In recent months, the payroll tax cut has become one of the centerpieces of the White House’s economic agenda. The tax break, which was approved late last year and will expire at the end of this year, mainly benefits the middle class and the working poor, putting some additional money in each paycheck. Congressional Republicans are eager to scrap the tax cut.
But is the policy itself any good? The idea is to put a little extra money in the hands of those who need it, in the hopes that they’ll spend it, boosting demand in the process. Bruce Bartlett, who lately doesn’t have much use for the Republican economic agenda, argues that the payroll break isn’t the most effective policy — there’s “no evidence that the lower payroll tax has done much of anything to stimulate either spending or hiring.” His piece fleshes out a few reasons why the policy appears to be of limited utility.
OK, but if this tax policy isn’t ideal, what’s the more effective way to go? Bruce offers an alternative:
In my view, the $110 billion cost of the one-year Social Security tax cut would have been far better spent on measures that would actively raise spending in the economy. Public works would be the best way of doing that. Under current economic conditions, all tax cuts are essentially passive and do almost nothing to increase aggregate demand or economic output.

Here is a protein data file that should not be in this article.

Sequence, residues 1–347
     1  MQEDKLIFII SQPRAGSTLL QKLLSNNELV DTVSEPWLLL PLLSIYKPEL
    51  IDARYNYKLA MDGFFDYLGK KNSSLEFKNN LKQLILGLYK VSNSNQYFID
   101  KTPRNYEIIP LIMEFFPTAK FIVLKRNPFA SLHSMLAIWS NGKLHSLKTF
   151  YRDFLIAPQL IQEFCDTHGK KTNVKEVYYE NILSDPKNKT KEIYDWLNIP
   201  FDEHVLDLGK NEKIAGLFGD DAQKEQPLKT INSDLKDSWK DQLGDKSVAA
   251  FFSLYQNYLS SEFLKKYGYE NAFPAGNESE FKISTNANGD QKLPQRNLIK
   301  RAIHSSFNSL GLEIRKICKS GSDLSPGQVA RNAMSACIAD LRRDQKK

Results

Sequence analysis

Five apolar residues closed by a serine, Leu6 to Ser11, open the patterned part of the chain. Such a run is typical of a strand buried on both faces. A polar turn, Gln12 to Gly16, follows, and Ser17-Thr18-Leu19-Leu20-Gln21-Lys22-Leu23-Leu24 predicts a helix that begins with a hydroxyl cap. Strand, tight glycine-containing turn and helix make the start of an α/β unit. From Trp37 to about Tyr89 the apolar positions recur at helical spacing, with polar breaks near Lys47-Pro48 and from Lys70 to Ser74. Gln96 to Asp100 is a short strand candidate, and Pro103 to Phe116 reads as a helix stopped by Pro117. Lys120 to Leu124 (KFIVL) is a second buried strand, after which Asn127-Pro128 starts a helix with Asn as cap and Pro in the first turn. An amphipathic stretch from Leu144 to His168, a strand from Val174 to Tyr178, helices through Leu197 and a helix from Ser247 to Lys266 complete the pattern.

Sounds good to me. The problem, though, is the same problem we run into every time we talk about addressing any national challenge through effective public policy: Republicans play a key role in the decision-making process.
If given a choice between a tax break worth $110 billion and a public-works initiative worth $110 billion, I would gladly go with the latter. When it comes to bang for the public, that kind of public investment would prove far more stimulative to the larger economy, and produce more tangible results.
But that’s not the choice. Republicans are against the middle-class tax break and they’re against public-works initiatives. What’s the GOP for? Austerity measures intended to make the economy worse.
Bruce believes Democrats are using the payroll tax cut “mainly as a political ploy.” There’s probably some truth to that, but under the circumstances, Dems are looking for any measure that could have a discernable effect on the economy in a positive direction. They seem to think the payroll break (a) would probably help a little; and (b) can probably get through Congress if Republicans fear electoral pushback.
The piece concludes, “Although the case for additional fiscal stimulus is overwhelming, it would be much better to find more economically stimulative alternatives to simply extending the temporary payroll tax cut.”
I agree. Now if there were only some way to persuade Republicans on Capitol Hill, we’d be getting somewhere.